When digital marketing was never about a single traffic generation method, since when did affiliate marketing warrant focusing on a single traffic source?

Focus on a niche; not on the traffic source.

“Master one traffic source first”
“SEO is for losers; native advertising is the new thing”

You’ll often hear those statements everywhere. All of those statements are wrong.

You can always blog regularly, publish guest posts, do social media, and set up email marketing sequences all the while you focus and try to master PPC advertising.

It does take a lot of work; it might probably suck your soul right at you. Real results come when you put in holistic and meaningful work.

Who said it was easy anyway?

It’s not just pixels, code, and content

Too many affiliates focus on websites, landing pages, pixels, code, content, and tools. They spend their time research spy tools, checking out ads and angles that other affiliates seem to succeed with.

There’s nothing wrong in that; it’s just that the story is not complete.

Businesses are all about people, and that includes the affiliate marketing business.

How many affiliate managers do you personally know? How many merchants can you confidentially reach out to? If it were up to you, would you be able to give yourself a payout bump?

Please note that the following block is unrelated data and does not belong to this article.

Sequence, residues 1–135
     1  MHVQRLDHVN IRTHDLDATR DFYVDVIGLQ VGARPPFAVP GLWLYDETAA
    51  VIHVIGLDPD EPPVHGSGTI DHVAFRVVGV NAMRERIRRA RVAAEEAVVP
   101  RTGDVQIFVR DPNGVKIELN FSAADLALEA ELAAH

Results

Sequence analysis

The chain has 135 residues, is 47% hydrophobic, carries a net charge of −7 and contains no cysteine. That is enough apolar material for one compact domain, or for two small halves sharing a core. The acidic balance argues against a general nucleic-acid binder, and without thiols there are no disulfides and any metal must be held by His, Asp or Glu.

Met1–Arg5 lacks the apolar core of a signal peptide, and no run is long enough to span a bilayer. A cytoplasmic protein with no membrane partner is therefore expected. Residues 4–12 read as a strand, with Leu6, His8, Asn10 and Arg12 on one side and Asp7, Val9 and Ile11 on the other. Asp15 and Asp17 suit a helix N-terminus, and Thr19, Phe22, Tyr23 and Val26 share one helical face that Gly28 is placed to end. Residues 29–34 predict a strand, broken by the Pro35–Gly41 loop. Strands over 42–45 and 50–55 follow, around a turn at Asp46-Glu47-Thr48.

If you have questions about the affiliate program or the product or the service, do you research on the web or send out an email directly to your affiliate manager?

No one cares about the number of merchants you are an affiliate for. That holds good for a number of affiliate networks that you are a part of.

In fact, it won’t even matter if you are a super affiliate with millions in sales and resulting commissions.

Without a strong network of people, you won’t be able to pull it off.

Selling Yourself Cheap

You’d usually hear this piece of advice handed out to service providers. Value-pricing applies to people who directly sell products or services, right?

Wrong.

It applies to everyone.

If you are a performer and you don’t negotiate with the merchant to give you a better commission, you are doing justice to yourself.

You think you provide real value to help drive conversions? Ask for more, and it doesn’t always have to be money.

Just off the top of my head:

  • You can ask for more tips and resources.
  • Ask for direct partnerships
  • Seek special commission rates
  • Request permission to publish a blog post directly on the merchant’s main blog.
  • Have merchants or affiliate networks feature your blog or your story on their blog.

When you perform, you can ask for anything.

Just don’t settle for what you seem to have accepted when you started off on your affiliate marketing journey.

1 Comment on "5 Mistakes All Affiliates Do But Shouldn’t"

  1. I was glad I stumbled on your blog as I am so anxious to find help in order to gain sales on my affiliate niche. I been doing this for years but my site is dead. I hope it would boost my affiliate site. Thanks to you! Hope to read more affiliate tips from you.